Can I say that fiction now is better than ever? Of course not, that’s a chump’s game. Will any novel ever engage me the way The Magic Mountain did when I was 18, Anna Karenina did when I was nineteen, or The Sound and the Fury ever did when I was 20? (Sorry, classics may be cheating. But I remember staying up night after night, breathlessly devouring Vance Bourjaily’s Now Playing at Canterbury; I was completely entranced by Trout Fishing in America and spent far too many hours pondering its significance, or lack thereof.) I sure hope so, but I say that knowing that all of those novels are much harder for me to get through now than they were then… when I was young and free and able to give myself over completely to a book, instead of thinking at the turn of every page that I really should be paying bills, or running around the Rose Bowl, or going back to work on my own writing.

  4. I own over 525 books right now. I read constantly, however I think the overall decline in the world of reading novels is largely the fault of the world wide web. I always ask people “What’s the last entire book you read and not because you had to?” I get a lot of blank stares. And then I ask “What is your favorite website?” and I get tons of addresses thrown out at me. I love the Internet. But I’d throw my computer right out the window if it came down to chosing it or books. That is unless the books were all published by Red Dress Ink…then I’d keep my computer and read classics all day long with much eye strain. 🙂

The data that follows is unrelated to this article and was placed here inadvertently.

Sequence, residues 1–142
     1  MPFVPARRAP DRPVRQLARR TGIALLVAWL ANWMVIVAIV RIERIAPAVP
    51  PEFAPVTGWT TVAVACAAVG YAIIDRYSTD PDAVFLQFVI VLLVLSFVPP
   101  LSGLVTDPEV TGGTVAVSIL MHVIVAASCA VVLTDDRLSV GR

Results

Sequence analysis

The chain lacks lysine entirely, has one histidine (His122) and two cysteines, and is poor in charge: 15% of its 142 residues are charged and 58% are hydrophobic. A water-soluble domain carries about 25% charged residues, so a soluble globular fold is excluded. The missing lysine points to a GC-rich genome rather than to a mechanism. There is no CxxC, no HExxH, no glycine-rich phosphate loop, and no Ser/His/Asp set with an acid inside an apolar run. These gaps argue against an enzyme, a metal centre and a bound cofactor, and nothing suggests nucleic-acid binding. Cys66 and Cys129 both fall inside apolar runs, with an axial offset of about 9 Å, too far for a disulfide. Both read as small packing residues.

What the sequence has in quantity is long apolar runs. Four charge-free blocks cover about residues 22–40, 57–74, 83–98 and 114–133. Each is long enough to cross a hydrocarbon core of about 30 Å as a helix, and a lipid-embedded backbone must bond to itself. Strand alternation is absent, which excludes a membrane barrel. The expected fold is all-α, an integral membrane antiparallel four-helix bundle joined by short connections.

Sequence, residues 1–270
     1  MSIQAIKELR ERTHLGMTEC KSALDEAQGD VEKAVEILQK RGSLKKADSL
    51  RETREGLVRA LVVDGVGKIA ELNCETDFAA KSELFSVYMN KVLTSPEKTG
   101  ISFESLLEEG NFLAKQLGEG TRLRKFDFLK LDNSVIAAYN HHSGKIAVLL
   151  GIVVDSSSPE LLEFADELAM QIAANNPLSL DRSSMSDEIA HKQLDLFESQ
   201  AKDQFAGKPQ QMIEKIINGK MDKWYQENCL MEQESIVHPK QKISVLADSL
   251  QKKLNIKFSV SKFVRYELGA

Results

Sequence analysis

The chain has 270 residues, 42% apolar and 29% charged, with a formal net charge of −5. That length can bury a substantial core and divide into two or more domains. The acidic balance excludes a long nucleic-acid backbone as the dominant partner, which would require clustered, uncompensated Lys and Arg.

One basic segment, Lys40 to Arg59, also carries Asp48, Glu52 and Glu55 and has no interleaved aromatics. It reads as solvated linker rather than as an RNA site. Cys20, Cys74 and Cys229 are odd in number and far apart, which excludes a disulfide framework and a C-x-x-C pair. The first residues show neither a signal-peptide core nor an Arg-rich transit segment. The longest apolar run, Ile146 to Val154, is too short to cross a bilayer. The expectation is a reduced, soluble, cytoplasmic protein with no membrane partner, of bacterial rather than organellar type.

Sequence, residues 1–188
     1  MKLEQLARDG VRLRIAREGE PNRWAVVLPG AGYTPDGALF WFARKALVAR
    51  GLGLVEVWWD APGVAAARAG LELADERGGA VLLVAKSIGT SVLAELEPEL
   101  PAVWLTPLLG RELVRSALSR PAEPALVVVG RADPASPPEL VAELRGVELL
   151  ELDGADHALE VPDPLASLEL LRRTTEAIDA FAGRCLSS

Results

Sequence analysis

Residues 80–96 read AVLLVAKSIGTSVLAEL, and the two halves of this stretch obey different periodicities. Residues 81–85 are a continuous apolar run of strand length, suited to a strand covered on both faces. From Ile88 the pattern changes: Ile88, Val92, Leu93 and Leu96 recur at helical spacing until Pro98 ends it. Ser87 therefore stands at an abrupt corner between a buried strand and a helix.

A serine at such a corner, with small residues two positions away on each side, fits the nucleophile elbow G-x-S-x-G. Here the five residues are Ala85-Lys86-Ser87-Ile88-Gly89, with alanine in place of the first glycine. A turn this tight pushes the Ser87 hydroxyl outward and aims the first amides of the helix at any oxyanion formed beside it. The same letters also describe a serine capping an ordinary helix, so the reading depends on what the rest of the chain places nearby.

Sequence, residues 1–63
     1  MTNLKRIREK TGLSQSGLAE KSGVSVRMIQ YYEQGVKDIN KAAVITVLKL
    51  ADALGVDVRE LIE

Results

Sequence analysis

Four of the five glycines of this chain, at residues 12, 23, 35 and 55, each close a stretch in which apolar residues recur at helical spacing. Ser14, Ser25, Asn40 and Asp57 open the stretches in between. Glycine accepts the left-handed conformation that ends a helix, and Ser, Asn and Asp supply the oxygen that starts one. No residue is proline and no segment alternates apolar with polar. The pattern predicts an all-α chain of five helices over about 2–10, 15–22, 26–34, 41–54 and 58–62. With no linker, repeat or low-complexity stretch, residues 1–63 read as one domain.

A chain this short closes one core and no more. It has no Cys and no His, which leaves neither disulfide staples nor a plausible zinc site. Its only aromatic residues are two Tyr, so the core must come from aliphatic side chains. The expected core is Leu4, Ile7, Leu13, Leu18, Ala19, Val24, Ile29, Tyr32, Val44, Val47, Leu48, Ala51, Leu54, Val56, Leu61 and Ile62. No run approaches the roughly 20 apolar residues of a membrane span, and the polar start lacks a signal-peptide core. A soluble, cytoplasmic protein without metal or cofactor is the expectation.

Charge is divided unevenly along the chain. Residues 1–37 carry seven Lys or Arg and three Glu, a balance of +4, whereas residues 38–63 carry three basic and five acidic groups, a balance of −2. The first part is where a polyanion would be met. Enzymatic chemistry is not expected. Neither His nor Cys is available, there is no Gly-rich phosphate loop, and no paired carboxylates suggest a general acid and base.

5. Bill,
    You take on Richard Wheeler’s comments seem to be on target…though I think there is also a political element you didn’t factor in. Today, on his blog, his writes:

    But a funny thing happened and still is happening. The American people have turned away from fiction, slowly at first, but rapidly now. And readers are getting grayer. I have been wondering whether there is a connection between the great upheavals of the seventies and the decline of literature, and now I am certain of it. Fiction needs something to push against (or pull toward). The effect of the seventies was to drain the country of its beliefs, for better or worse.